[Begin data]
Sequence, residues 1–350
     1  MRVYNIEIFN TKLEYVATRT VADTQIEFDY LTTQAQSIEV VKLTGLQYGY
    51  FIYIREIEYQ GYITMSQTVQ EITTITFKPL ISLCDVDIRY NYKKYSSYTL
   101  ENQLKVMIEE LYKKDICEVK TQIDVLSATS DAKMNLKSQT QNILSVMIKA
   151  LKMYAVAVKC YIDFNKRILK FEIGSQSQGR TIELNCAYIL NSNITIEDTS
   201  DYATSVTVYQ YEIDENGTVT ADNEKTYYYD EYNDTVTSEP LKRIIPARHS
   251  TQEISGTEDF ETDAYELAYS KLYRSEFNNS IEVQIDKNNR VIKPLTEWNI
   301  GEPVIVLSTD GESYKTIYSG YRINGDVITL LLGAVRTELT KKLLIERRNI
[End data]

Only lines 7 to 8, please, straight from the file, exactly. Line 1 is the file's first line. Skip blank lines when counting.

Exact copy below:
   251  TQEISGTEDF ETDAYELAYS KLYRSEFNNS IEVQIDKNNR VIKPLTEWNI
   301  GEPVIVLSTD GESYKTIYSG YRINGDVITL LLGAVRTELT KKLLIERRNI